Snow makes island slippery

Beginning Sunday, Island County work crews spread 503 hogsheads worth of sand on North Whidbey Island roads.

The sand was needed to make the roads safer due to the 1 to 3 inches of snow that hit the area late Sunday night or early Monday morning and continued throughout the day and into the evening.

A hogshead is traditional English way to measure the volume of wine. One hogshead equals 63 gallons.

Crews started working on the roads at 11 p.m. Sunday and continued Monday as the roads on the north end of the island appeared to have fared worst. The slickest areas could be found in areas around Frostad and Troxell roads.

One or two crews from each shop were on the roads during the snow, said Randy Brackett, engineer for Island County Public Works Department. They normally start with the snow routes first and then follow a priority list based on reports from law enforcement.

He said there were also slick roads on the south end of the island, but work crews didn’t get nearly the number of calls that were received on North Whidbey Island and Camano Island.

He reminds residents that they should have the proper tires on their cars suitable for driving in the snow. Some who didn’t ended up in the ditch.

The weather caused several spinouts and fender benders during the Monday morning drive to work. There did not appear to be any serious injuries stemming from the conditions.

Marv Koorn, North Whidbey Fire and Rescue chief, said firefighters responded to approximately a half-dozen calls Monday morning. Even though a truck jackknifed, there weren’t any major injuries.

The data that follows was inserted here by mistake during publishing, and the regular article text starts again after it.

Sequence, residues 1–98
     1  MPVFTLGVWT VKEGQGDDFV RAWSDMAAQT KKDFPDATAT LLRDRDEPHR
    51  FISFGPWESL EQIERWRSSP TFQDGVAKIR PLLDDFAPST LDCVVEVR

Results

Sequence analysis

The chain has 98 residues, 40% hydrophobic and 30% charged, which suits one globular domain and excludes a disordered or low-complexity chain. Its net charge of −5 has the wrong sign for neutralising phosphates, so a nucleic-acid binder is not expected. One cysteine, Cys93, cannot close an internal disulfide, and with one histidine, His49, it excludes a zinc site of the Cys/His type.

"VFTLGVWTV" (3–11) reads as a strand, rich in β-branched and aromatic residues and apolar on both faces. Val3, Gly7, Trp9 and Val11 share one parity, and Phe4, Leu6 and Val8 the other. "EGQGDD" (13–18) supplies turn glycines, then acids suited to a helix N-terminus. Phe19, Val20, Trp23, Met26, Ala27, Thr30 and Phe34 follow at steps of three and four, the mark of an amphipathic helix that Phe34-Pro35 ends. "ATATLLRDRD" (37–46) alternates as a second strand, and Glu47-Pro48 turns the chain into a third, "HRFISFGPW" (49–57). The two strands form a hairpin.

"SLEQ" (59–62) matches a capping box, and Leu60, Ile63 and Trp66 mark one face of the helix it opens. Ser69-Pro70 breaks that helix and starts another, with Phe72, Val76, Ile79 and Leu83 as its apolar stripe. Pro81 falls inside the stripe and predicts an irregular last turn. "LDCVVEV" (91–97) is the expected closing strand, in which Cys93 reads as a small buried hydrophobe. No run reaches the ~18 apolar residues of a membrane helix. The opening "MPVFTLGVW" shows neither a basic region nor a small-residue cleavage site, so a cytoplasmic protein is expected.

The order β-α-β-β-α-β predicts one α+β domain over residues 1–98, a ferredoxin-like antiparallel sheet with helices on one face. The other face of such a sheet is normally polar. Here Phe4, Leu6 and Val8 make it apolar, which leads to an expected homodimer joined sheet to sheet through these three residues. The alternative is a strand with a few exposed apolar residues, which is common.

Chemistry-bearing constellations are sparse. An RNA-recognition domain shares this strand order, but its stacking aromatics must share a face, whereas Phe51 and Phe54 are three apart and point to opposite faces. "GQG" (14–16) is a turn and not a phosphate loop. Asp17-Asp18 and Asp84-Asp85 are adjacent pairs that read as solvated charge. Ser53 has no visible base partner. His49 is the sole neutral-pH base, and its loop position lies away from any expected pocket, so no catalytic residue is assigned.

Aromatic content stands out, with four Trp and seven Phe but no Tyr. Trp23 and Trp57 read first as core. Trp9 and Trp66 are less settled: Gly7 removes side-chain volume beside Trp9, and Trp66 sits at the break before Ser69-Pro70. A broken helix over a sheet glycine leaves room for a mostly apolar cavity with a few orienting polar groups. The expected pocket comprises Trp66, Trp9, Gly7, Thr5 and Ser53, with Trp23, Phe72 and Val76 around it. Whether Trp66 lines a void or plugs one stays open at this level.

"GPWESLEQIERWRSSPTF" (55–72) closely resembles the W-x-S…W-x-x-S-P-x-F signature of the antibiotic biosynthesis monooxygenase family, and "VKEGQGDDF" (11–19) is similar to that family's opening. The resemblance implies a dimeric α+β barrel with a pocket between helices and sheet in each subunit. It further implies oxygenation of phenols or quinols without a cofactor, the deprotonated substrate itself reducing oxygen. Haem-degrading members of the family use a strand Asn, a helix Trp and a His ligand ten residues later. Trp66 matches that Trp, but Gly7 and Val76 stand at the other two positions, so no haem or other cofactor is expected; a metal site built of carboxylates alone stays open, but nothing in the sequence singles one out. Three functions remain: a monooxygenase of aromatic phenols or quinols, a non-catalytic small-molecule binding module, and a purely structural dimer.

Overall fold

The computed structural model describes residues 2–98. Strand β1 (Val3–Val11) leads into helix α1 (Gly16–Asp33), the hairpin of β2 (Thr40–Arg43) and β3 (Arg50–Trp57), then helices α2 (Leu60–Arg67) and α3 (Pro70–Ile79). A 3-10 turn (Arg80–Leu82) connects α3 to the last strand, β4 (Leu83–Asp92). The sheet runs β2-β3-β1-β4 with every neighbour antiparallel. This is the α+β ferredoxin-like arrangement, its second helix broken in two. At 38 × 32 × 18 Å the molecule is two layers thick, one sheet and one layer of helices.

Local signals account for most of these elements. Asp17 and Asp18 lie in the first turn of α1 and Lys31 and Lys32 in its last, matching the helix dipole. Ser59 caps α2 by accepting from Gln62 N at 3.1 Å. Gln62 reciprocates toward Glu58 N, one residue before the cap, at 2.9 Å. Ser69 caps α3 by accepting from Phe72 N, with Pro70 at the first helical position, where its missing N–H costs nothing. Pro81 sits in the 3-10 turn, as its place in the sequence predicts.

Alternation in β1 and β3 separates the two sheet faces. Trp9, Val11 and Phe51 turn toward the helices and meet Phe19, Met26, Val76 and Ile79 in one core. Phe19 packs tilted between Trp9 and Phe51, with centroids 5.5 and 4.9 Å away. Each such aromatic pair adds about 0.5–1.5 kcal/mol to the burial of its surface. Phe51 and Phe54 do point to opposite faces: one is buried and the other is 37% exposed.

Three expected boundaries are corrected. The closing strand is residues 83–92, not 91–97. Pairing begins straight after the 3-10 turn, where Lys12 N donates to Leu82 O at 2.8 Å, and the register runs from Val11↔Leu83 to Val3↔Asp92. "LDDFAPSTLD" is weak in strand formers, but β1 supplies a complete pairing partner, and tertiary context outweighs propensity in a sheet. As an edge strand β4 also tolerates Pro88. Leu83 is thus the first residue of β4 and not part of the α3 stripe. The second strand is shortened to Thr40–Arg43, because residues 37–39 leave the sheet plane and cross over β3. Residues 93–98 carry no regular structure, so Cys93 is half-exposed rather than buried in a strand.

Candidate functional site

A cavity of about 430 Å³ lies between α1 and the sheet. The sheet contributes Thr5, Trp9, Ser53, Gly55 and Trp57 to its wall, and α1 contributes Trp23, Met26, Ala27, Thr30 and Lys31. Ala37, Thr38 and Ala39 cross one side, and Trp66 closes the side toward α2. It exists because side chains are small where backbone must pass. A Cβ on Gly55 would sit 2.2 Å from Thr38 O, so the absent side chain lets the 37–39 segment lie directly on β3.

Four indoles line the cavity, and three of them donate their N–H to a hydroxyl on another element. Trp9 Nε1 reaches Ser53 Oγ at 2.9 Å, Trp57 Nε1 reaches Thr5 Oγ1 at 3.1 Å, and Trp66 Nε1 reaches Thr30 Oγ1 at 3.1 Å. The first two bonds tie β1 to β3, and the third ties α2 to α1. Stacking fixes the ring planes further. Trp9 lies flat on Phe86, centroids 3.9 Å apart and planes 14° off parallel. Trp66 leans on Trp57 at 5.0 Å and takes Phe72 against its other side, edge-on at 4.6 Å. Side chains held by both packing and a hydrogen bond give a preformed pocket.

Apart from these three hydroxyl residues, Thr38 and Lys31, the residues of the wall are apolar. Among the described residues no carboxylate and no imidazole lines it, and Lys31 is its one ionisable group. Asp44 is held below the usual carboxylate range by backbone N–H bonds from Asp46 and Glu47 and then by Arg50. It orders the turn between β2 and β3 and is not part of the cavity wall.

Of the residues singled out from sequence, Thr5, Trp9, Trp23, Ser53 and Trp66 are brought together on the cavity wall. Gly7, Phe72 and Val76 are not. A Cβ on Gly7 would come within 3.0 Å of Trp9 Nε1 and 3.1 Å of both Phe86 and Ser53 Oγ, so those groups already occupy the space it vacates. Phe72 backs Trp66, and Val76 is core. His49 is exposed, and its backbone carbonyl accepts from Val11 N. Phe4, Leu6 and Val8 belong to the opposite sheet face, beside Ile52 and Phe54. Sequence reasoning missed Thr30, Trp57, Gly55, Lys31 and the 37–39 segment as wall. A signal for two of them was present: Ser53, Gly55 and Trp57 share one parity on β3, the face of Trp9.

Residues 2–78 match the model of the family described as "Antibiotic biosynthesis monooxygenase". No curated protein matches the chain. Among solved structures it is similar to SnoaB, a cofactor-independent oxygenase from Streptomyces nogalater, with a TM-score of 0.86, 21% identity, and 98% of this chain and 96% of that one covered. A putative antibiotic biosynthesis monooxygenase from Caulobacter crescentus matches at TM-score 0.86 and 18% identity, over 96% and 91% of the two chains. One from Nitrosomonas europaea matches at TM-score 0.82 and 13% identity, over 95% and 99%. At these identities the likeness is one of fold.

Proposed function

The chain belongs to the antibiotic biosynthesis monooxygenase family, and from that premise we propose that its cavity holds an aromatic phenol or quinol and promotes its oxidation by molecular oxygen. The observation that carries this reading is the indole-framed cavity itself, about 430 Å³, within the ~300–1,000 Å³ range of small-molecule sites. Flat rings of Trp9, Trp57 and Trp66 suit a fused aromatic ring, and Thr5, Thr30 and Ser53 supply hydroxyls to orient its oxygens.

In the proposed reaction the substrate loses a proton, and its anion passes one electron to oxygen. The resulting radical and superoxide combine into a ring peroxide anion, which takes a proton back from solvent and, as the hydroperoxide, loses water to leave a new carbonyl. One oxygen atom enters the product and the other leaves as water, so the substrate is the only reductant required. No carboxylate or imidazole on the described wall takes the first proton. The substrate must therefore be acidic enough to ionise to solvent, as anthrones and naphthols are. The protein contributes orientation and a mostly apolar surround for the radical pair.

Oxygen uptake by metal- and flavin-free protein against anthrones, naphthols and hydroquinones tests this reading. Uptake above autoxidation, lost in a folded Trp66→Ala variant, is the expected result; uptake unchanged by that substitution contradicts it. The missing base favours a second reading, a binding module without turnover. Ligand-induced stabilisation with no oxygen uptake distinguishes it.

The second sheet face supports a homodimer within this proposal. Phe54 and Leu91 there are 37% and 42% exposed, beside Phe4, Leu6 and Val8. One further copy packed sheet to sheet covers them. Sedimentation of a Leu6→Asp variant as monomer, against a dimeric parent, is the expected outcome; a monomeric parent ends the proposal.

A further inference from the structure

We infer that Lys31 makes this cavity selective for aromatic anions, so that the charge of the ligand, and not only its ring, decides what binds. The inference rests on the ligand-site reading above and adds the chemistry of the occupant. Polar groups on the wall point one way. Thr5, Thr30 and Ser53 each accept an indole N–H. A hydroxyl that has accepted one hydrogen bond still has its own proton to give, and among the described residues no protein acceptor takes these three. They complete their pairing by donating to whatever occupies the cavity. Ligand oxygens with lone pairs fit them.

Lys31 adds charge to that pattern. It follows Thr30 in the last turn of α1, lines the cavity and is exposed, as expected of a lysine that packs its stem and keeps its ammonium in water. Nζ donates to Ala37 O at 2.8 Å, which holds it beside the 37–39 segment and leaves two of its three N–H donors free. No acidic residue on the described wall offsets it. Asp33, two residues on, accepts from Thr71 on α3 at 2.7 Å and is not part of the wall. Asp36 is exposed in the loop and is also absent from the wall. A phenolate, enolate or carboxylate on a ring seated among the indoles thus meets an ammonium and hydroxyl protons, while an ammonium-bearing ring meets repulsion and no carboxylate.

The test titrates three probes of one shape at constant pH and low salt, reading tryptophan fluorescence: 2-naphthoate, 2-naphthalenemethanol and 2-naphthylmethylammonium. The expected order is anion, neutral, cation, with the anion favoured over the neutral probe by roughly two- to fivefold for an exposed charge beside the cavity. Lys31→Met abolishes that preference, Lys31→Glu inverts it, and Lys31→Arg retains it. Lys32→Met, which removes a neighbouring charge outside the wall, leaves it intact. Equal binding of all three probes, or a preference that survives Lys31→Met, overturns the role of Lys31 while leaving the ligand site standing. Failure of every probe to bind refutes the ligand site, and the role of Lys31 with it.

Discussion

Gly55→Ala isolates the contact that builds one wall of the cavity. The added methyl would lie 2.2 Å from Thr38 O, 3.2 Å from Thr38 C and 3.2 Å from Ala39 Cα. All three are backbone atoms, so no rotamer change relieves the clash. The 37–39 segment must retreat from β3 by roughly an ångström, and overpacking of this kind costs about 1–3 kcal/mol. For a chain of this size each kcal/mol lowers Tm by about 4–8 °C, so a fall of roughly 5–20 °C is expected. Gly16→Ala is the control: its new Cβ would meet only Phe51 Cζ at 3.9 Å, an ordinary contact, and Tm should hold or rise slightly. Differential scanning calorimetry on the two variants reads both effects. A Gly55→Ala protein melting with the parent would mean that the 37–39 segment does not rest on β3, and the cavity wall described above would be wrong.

Joe Biller, Central Whidbey Fire and Rescue chief, said an accident where an SUV rolled on Fort Casey Road was the only incident that resulted from the weather.

Another SUV rolled on Regatta Drive in Oak Harbor late Monday morning. The driver was proceeding toward Highway 20, hit a slick spot, slid into a ditch and rolled.

Emergency personnel were keeping a close eye on the weather. Snow was forecast to fall later in the day, however it didn’t arrive.

The snow caused school delays and cancelled meetings.

Coupeville and the Oak Harbor school districts delayed starting times by two hours Monday.

Oak Harbor School District Superintendent Rick Schulte said the decision to delay school has to be made around 5:30 a.m. To help make that decision, four employees begin driving the roads at 3:30 a.m. to get an idea of the conditions. He pointed out that different sections of the community had different weather conditions.

“We take our responsibility seriously,” Schulte said during Monday night’s Oak Harbor School Board meeting.

He said the goal is to make a decision two hours before classes at Oak Harbor High School begin.

The Keystone/Port Townsend ferry partnership meeting scheduled for Tuesday morning was also cancelled.

Hadley Greene, communications manager for Washington State Ferries, said that people from as far away as Olympia were scheduled to attend the meeting in Port Townsend.

“We thought that it was safer for us to cancel,” Greene said. The meeting will be rescheduled sometime in early February.

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